1980

Joseph "Joe" Paul DiMaggio
Joseph "Joe" Paul DiMaggio
One of the greatest outfielders of modern baseball, Joe DiMaggio, the "Yankee Clipper," began his career with the San Francisco Seals in 1932. Hitting safely in 61 consecutive games, which set a Pacific Coast record, he joined New York Yankees in 1936. In 1941, he set the all-time major league consecutive game hitting streak at 56. DiMaggio hit 361 home runs, including 8 World Series homers and compiled a lifetime average of .325. Named American League’s Most Valuable Player 1939, '41 and '47, he held numerous batting and World Series records. He was All-Star team choice in 1937-42, 1947 and1948 and was elected to Baseball’s Hall of Fame in 1955.
Inducted into the Bay Area Sports Hall of Fame in 1980.
Plaque location: SFO Gate 88
Angelo "Hank" Luisetti
Billie martin
Stanford University, 1935-38
Native San Franciscan and Galileo High School graduate Hank Luisetti revolutionized the game of basketball with his one-handed shot. Recognized as the greatest player in West Coast history, he led Stanford to three consecutive Pacific Coast Championships, from 1936 to 1938. Three-time All-American as a collegian, he scored 1,596 points in his four-year college career. National Player of the Year in 1937 with 17.1 points per game and College Basketball Player of the Year in 1937-38, he set Stanford's single game scoring record, with 50 points against Duquesne. He was named to the Naismith Memorial Basketball Foundation Hall of Fame and the Helms Foundation Hall of Fame.
Inducted into the Bay Area Sports Hall of Fame in 1980.
Plaque location: Stanford University
Willie Howard Mays, Jr.
Willie  Howard Mays, Jr.
New York/ San Francisco Giants, 1951-72
Outstanding outfielder for the New York Giants (which in 1958, became the San Francisco Giants), Willie Mays was named Rookie of the Year in 1951 and, for over 20 years, drew admiration for his hitting, fielding, throwing and daring base-running. National League’s Most Valuable Player in 1954 and 1965, he was named to All-Star team every year from 1954 to 1973. With 660 career home runs, he ranks with Babe Ruth and Hank Aaron in achievement. He was inducted into Baseball Hall of Fame in 1979.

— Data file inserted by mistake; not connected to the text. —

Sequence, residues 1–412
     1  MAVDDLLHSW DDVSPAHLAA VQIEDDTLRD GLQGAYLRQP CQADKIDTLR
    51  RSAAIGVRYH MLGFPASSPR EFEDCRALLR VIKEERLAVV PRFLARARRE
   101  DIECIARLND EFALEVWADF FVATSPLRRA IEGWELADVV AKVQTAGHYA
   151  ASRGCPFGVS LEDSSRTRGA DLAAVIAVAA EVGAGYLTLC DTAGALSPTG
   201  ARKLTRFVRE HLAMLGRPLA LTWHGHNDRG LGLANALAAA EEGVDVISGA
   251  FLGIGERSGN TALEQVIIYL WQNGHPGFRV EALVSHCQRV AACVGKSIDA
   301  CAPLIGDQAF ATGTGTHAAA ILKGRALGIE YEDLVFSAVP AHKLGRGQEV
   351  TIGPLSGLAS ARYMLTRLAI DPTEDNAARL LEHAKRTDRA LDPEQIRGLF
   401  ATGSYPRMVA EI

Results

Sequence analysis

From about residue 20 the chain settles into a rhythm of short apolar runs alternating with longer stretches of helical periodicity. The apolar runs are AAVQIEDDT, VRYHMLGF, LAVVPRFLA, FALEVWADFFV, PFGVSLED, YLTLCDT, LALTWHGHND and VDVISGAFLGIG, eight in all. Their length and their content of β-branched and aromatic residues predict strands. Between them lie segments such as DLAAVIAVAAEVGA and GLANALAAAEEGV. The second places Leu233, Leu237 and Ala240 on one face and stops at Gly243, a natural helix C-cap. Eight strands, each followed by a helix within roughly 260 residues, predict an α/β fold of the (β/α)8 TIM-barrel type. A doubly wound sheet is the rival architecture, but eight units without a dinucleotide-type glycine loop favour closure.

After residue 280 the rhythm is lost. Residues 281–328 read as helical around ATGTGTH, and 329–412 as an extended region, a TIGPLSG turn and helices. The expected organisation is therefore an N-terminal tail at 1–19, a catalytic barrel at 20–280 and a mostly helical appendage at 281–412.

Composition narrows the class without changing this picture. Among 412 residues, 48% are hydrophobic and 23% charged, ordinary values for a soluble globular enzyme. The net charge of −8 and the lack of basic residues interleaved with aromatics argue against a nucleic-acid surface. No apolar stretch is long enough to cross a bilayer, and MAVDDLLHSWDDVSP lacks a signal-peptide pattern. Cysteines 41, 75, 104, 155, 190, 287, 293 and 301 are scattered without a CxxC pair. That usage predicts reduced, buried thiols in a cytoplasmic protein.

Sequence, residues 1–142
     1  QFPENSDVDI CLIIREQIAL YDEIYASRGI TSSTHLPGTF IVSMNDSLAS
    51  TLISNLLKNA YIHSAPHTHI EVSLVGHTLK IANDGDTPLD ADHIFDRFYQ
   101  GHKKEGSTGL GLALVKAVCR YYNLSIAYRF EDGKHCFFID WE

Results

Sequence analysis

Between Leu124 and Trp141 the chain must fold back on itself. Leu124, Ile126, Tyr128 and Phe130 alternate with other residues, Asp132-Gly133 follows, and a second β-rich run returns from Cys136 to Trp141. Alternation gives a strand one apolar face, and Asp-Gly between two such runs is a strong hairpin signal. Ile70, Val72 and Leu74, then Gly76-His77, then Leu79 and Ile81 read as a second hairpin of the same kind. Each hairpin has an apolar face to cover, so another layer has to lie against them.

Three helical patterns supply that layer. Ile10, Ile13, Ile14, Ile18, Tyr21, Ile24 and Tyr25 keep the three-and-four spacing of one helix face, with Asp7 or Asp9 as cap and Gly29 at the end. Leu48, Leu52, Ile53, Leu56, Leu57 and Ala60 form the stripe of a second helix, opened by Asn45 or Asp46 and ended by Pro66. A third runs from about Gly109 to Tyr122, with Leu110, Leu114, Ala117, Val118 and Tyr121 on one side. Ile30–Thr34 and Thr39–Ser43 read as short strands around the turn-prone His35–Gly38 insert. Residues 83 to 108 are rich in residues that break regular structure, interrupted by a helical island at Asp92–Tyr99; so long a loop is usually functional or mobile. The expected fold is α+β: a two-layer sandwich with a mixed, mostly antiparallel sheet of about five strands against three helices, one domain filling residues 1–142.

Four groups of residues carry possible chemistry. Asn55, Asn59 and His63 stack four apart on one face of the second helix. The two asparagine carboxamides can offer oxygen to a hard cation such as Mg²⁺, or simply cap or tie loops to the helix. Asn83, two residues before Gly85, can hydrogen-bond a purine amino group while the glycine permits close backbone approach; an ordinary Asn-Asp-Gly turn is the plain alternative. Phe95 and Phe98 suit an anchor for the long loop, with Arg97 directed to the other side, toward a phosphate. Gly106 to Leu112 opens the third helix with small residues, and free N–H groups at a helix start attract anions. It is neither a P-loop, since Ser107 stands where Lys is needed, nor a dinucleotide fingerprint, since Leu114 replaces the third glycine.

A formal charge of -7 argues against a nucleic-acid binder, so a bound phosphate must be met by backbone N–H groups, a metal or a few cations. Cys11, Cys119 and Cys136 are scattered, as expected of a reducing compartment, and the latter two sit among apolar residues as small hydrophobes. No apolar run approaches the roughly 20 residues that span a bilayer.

Inducted into the Bay Area Sports Hall of Fame in 1980.
Plaque location: AT&T Park
Ernest "Ernie" A. Nevers
Ernest "Ernie" A. Nevers
Stanford University, 1923-25
St. Louis Browns, 1925-26
Duluth Eskimos, 1926-28
Chicago Cardinals, 1929-31
The greatest fullback in Stanford history, Ernie Nevers earned the title "America’s all-time one-man team" for prowess in all aspects of football. An All-American, he was voted to College Football’s All-Time All-America Team by consensus of the Football Writers of America and NCAA in 1969. Nevers earned 11 letters as a collegian, excelling in football, baseball and basketball. He pitched professional baseball with the St. Louis Browns before his pro football career. While with the Cardinals, he scored an NFL record of 40 points in one game. He is a 1963 charter member of the Pro Football Hall of Fame.
Inducted into the Bay Area Sports Hall of Fame in 1980.
Plaque location: Stanford University
William "Bill" Fenton Russell
William "Bill" Fenton Russell
University of San Francisco graduate Bill Russell led the Dons in the 1956 national championship and a string of 61 unbeaten games. Twice named All-American and 1956 College Player of the Year, he was key to the 1956 U.S. Olympic championship at Melbourne. He had an outstanding pro basketball career, bringing the Boston Celtics 11 titles from 1956 to 1969. A five-time National Basketball Association Most Valuable Player, he was named Athlete of the Decade by Sporting News in 1971. He was elected to the Basketball Hall of Fame in 1974.
Inducted into the Bay Area Sports Hall of Fame in 1980.
Plaque location: University of San Francisco
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